International flights to resume from September 1, but tourists won't be allowedNepalis and diplomats will be allowed to take chartered and regular commercial flights to Nepal with the number of daily arrivals capped at 500, while Nepalis can also fly out from that date.
Tika R Pradhan & Sangam Prasain
The government has decided to resume chartered and regular passenger flights from September 1. However, only Nepalis and representatives of diplomatic missions, the United Nations and development partners will be allowed to fly into Nepal, with restrictions on foreign tourists until further notice, according to a Cabinet decision which was made public on Friday.
The daily arrivals, too, have been capped at 500 individuals.
Minister for Communication and Information Technology Yubaraj Khatiwada, also the government spokesperson, said other than tourists, listed individuals will be allowed to come to Nepal via regular and chartered flights from Malaysia, the United Arab Emirates, South Korea, Thailand, Japan, China, Hong Kong, Australia, the United States, Canada and European countries where RT-PCR tests are easily available.
People, including Nepalis, won’t be allowed to take flights to Nepal from countries including Saudi Arabia, Kuwait and Qatar where PCR tests are not easily available, according to Khatiwada. “Nepalis stranded in these countries could be brought home on chartered flights,” said Khatiwada.
Though the government said on July 20 that international and domestic flights will resume starting August 17, and asked the travel and tourism industry to take bookings for the autumn season accordingly, it revised its decision on July 21 in the wake of the rising number of coronavirus cases in the country.
The government had also halted chartered flights, putting Nepali workers ready to return home in limbo. The new decisions, however, will provide some respite for migrant workers.
The government has also no immediate plan to allow domestic flights as there are prohibitory orders in Kathmandu Valley and dozens of other districts, according to Mahendra Guragain, secretary at the Prime Minister’s Office, who is also the member secretary of the Covid-19 Crisis Management Centre.
According to Khatiwada, those coming to Nepal must produce a RT-PCR test report conducted in the last 72 hours, proof of advance booking of hotels for seven days and produce a barcode or print copy of the form they need to fill up by accessing from the Covid Crisis Management Centre website (ccmc.gov.np).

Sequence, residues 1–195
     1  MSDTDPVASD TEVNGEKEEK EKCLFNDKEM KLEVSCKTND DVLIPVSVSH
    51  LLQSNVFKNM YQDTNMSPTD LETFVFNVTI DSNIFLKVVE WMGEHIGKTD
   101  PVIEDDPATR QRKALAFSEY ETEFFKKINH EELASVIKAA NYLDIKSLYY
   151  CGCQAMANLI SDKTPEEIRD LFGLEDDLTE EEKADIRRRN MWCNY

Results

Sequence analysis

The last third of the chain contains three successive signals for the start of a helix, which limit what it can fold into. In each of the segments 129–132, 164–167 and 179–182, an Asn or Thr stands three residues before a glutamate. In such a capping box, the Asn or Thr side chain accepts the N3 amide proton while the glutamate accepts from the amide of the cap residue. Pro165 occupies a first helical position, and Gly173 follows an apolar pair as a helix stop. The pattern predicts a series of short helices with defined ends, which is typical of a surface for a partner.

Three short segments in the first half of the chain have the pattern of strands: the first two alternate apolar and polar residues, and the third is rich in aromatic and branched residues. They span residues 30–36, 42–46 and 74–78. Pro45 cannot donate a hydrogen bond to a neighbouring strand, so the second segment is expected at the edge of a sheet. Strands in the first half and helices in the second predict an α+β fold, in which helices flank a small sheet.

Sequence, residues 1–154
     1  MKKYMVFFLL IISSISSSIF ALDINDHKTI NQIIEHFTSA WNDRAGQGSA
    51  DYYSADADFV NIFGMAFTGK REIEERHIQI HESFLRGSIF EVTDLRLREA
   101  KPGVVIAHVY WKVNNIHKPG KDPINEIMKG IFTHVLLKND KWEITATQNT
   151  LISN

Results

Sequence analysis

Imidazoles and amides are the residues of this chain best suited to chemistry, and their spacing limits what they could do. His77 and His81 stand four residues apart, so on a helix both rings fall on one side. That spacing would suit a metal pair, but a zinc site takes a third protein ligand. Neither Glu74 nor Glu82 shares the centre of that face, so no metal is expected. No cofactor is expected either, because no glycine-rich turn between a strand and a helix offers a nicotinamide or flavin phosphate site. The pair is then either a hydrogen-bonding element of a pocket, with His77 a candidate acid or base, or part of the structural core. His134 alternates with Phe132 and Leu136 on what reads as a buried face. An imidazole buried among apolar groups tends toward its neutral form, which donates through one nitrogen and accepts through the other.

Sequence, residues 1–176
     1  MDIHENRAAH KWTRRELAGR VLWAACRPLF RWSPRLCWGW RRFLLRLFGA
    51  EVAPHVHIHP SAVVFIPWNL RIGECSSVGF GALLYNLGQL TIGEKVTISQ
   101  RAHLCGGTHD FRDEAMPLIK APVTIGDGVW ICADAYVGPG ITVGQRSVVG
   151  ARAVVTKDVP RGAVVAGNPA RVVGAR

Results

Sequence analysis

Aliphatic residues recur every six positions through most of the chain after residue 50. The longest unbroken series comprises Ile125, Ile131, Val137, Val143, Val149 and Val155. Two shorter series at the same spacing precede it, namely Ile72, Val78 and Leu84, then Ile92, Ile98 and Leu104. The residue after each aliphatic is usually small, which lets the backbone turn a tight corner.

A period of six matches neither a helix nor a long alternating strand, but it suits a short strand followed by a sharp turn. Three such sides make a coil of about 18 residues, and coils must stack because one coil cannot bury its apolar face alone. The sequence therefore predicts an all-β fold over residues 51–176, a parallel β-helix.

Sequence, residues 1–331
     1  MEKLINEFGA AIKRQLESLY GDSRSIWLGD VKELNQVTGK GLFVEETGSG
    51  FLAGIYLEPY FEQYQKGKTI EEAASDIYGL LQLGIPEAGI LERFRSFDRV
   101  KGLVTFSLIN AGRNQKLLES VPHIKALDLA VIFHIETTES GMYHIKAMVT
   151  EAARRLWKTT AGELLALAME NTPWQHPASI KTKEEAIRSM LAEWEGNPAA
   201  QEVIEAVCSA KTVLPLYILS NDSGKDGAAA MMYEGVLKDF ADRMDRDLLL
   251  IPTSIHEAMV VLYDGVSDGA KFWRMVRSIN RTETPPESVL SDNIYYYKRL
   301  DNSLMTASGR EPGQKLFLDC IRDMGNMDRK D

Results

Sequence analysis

“After completing seven days in quarantine, they have to give in writing that they would spend another 14 days in home quarantine,” said Khatiwada.
Airlines will have to collect the expenses of hotel quarantine from their passengers and ensure that they pay the respective hotels as per the bookings. However, if they violate any rules and bring people having no PCR tests, the concerned airline will have to bear all the quarantine expenses of all their passengers, according to the Cabinet decision.
“The government will take legal action if they break the rules,” said Khatiwada.
The government said it will set up an Integrated Quarantine Management Committee led by the home secretary. The committee includes officials from Health and Federal Affairs and Local Development ministries, director general of the Department of Urban Development, and chief district officers of the Kathmandu valley as members. The committee will manage integrated quarantine facilities in Kathmandu Valley.
Guragain said that an integrated facility is being set up to quarantine migrant workers arriving every day at one place in the Valley so that it is easier for the authorities to manage them.
PCR tests of the returning Nepalis will be conducted within five days of their arrival and they will be sent home after seven days.
The Health Ministry will manage 6,000 isolation beds in the Valley at state-run as well as private, community and teaching hospitals and health institutes, if necessary, and the number of beds would be increased as needed, according to Khatiwada.
Outside the Valley, provincial governments will arrange for isolation beds in coordination with the Provincial Covid-19 Crisis Management Centre and District Covid-19 Crisis Management Centres.
The committee will also manage integrated quarantine facilities that will house migrant workers who return on repatriation flights. All their necessary expenses would be borne from the Foreign Employment Welfare Fund, according to the Cabinet decision.
All quarantine expenses of repatriated migrant workers would be borne from the Welfare Fund on the recommendation of District Covid-19 Crisis Management Centres. In the case of other stranded Nepalis, who are repatriated, the expenses of living in the integrated quarantine would be borne from the Coronavirus Fund at the recommendation of the District Crisis Management Centres.
Returning Nepalis, other than migrant workers, with no or partial symptoms and those who wish to stay in home isolation can do so but under the monitoring of an institution the Health Ministry designates and they must follow all necessary health and safety protocols. Only those with Covid-19 symptoms would be admitted to designated hospitals for treatment.
The government has also decided to use all the facilities of private hospitals and their resources, non-profit community hospitals and health academies for the treatment of symptomatic Covid-19 patients. Any hospital can be declared a Covid hospital, according to minister Khatiwada.
The government will take necessary legal action if any individual or hospital refuses to cooperate, said Khatiwada.
After flights resume on September 1, anyone willing to fly out will be allowed to travel.
“People wanting to go abroad can go from September 1, but they should make all the necessary arrangements including visas, tests, entry to the destination country and their stay there by themselves,” said Secretary Mahendra Guragain.